Evolution of Chelsea under Mourinho
Chelsea were already a strong team when Mourinho came back, just not dominant anymore like they used to be under the Special One. Mourinho had imparted pragmatism, hard work and discipline back to back English Champions of the 2004 era. This time, the story has been different.
Looking at the numbers one realizes that an evolution has taken place, which is all set to continue into the coming season.
This summer has been quiet and still in terms of how Chelsea used to dictate the tempo off the field in the summers gone-by. There is still the possibility of the club moving ahead with some remarkable signings in the next month that remains of the transfer window.
However, Mourinho has been hard to impress upon anyone who is listening or not listening for that matter that he is more than happy with the current squad and expects it to evolve as a close bunch in the comfort of familiarity and stability. The lull could be swept away still with big signings, yet it marks a contrast to only the last season when every thing was fast tracked and well within time.
There could be a number of reasons to this approach or circumstance. However, the smart money says Mourinho might be telling the truth for a change. Let’s have a look at the numbers that back his approach, if indeed this is what he is trying to do.
The Bigger Picture:
Looking at things in a broad perspective, we witness two things. These are no mysteries, and were on show last season to anyone who was acquainted with the first alphabets of football. The approach had changed drastically. From being a firm, arrogantly strong to break defence, Chelsea were fluid.
From being pragmatic and result oriented, the attack and the team in general played a much more aesthetically pleasing football that even Wenger should have appreciated. But we know he can be an old-wet cat at times so he didn’t.
This was the result of a number of many things, starting with the departure of club legend Frank Lampard. It does not imply that his move to City was beneficial in any way, and his loss was sad to say the least. Nonetheless, it paved the way for Mourinho to establish the roots of a new philosophy at Chelsea.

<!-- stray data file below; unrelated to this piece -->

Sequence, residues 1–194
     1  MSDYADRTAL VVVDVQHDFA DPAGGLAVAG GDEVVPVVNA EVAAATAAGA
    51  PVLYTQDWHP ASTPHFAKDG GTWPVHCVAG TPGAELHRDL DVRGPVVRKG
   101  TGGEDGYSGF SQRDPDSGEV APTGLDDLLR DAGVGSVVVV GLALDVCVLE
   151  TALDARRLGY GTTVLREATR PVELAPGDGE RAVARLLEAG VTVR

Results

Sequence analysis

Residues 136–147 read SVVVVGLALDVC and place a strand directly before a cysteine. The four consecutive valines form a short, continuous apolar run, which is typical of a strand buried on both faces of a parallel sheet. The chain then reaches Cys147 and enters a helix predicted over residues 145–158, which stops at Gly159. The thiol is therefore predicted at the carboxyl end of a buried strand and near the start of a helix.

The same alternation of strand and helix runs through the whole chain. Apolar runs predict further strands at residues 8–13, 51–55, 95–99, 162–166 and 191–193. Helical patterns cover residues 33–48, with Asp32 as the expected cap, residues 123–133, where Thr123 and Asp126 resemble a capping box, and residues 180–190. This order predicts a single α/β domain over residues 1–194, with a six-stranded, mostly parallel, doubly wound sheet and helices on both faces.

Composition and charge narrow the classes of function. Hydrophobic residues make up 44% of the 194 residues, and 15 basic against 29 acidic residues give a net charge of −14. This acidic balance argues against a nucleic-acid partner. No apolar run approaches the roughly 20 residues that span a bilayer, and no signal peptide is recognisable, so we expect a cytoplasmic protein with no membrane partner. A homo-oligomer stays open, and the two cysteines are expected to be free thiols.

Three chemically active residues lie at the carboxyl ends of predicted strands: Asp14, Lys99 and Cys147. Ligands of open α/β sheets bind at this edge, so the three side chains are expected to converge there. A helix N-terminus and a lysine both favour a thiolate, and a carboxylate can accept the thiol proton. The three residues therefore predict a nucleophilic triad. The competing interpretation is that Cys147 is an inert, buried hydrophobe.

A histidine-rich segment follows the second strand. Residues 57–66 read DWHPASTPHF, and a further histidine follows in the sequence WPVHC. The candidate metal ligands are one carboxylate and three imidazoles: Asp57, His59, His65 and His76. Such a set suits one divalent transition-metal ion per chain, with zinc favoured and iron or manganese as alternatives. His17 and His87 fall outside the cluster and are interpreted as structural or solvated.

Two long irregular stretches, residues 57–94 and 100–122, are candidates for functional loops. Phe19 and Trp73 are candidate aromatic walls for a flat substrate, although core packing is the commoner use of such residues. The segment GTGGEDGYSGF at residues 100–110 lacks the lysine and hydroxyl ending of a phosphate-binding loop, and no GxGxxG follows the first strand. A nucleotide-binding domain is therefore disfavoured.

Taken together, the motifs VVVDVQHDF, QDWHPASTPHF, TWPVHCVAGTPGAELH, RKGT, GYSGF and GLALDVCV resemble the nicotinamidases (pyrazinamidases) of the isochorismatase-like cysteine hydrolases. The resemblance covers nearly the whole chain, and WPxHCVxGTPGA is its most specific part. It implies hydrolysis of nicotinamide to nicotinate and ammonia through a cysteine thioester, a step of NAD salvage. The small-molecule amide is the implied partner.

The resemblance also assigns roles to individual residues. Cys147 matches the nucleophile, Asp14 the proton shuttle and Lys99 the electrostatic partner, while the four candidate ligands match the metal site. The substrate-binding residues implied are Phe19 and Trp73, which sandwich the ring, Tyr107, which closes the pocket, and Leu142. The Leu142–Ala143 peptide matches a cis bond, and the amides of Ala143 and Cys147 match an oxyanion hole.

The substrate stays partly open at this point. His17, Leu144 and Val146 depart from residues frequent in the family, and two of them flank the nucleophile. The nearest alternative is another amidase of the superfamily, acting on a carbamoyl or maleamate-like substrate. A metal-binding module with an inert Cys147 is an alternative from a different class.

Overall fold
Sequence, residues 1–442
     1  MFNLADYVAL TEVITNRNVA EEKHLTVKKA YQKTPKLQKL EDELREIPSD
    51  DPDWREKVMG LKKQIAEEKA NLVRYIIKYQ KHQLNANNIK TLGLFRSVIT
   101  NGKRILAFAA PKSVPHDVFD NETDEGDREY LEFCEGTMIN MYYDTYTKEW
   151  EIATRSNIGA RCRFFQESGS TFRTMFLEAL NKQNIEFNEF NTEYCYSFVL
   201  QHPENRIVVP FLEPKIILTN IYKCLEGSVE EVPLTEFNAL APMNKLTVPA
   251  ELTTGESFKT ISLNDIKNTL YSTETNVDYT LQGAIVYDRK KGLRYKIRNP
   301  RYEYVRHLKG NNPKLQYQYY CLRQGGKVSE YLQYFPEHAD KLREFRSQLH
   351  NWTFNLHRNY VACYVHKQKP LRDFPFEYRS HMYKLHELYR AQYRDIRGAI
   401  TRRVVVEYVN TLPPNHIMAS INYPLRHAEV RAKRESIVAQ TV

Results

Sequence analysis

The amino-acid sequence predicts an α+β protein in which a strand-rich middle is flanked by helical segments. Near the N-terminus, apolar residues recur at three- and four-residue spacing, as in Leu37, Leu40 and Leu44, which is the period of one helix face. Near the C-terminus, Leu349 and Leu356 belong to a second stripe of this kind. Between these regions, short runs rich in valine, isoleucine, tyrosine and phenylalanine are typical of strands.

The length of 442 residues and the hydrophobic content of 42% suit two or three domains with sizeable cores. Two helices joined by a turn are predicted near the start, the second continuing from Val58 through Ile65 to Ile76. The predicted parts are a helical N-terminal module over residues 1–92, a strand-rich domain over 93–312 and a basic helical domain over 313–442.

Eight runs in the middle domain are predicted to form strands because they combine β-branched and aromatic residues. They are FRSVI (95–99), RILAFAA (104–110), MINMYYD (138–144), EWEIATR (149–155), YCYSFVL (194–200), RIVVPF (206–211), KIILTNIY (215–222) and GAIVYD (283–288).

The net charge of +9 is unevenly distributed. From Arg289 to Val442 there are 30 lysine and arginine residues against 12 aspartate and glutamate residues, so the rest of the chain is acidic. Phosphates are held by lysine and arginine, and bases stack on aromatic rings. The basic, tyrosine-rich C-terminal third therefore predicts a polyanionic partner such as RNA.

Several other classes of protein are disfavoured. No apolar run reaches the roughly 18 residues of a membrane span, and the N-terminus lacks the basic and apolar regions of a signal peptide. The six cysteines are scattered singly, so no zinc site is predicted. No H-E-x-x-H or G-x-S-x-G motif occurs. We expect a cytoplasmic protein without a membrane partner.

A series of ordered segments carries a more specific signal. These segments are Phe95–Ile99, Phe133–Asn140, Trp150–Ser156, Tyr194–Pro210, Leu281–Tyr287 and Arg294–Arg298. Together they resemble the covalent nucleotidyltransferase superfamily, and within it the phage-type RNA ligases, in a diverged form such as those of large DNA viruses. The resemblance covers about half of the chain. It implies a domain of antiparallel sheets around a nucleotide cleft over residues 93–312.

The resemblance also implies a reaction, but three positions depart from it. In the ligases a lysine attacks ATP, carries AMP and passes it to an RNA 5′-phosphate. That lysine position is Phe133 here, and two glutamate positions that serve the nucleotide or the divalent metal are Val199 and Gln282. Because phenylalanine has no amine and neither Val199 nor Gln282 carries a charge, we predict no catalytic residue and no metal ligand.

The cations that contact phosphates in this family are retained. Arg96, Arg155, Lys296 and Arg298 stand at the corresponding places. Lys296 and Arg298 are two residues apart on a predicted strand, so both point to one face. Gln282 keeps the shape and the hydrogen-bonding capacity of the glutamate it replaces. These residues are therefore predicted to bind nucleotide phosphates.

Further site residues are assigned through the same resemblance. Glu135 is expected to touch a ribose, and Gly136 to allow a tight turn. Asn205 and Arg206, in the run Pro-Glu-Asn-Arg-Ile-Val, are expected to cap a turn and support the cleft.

Fabregas, a Wenger archetype, arrived at the Bridge from Barcelona itself. The result was there for all to see. Matic’s imposing performance alongside the Spaniard only helped make the change more significant and apparent.
Players who were once regulars or at least rotated frequently like Ramires and more importantly, John Mikel Obi were relegated to the back-up spots. The transition was as effective as it was smooth and Chelsea reaped it’s rewards for most of the season, more so in the first half. Mourinho had effectively transformed the team into a multi-edged blade that cut through opponents in any way it pleased.
In short, the emphasis on defence was not lessened, but that on industry, fluidity and attacking was increased. The outcome is for all to see as Chelsea switched from one way of playing to the other effortlessly. In a recent interview, Mourinho has also insisted that he may deploy two strikers more regularly with the quality options available to him now. Mourinho has evolved from his first spell at the Bridge and Chelsea are testimony to that. It would be fascinating to see the next step of this evolution.
Having already discussed the midfield revival which saw the sideways passing of Mikel replaced with Fabregas’ vision which knows no limits. The other key part was the front man, the striker. In his first season he had the
ill famed trio of Torres, Eto’o and Demba Ba.
Torres worked his heart out for the team, but he was Torres no more by then. Nothing more should be said of El Nino. Eto’o was an old man in Mourinho’s own words, biding his golden days while they still lasted before launching himself on a catapult to
Everton, Italy: his home Turkey.
Demba Ba took a straight path to reside in Turkey at Fenerbahce, but changed his mind and went for the catapult himself, and it landed him in China of all places. Money talks they say. That’s all a man ought to say for the strike force Mourinho part inherited-part created in his first season with the little horses.
Come his second summer and Mourinho made it clear that it was going to be Blue or bust. Blue it was to be and in came Diego Costa. So did Loic Remy from QPR and not Newcastle. Didier Drogba came back to play a more important part than many had expected of the ageing veteran. In most games, one of the trio were on the scoresheet. When they were not, his magnificence Eden Hazard obliged. In games when any of the above failed to get on the scoresheet, the defenders did.
It was not a perfect party, but was more than merry enough. The master brewer has his recipe in place, time and situations are still in his grasp, and he is well on track to brew some of the best aged wine Chelsea fans have tasted in years. The raw materials this time are not being imported, just being aged to perfection in-house.
Winning the League may or may not happen this season, but if a legacy is to be created, one can see the signs of it. The end of season will tell for sure whether Mourinho is in for the long run this time. More on the concept in our next article of the series.
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Edited By: Harshal Ahire
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